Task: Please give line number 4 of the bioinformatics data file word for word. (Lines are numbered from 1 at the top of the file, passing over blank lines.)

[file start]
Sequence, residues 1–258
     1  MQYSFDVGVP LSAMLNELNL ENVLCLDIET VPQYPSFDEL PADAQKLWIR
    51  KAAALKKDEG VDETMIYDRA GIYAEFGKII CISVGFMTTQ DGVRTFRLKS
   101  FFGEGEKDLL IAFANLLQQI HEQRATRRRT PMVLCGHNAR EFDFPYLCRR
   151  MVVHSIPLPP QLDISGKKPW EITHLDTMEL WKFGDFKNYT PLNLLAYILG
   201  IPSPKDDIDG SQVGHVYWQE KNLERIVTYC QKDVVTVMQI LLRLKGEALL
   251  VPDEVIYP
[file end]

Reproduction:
   101  FFGEGEKDLL IAFANLLQQI HEQRATRRRT PMVLCGHNAR EFDFPYLCRR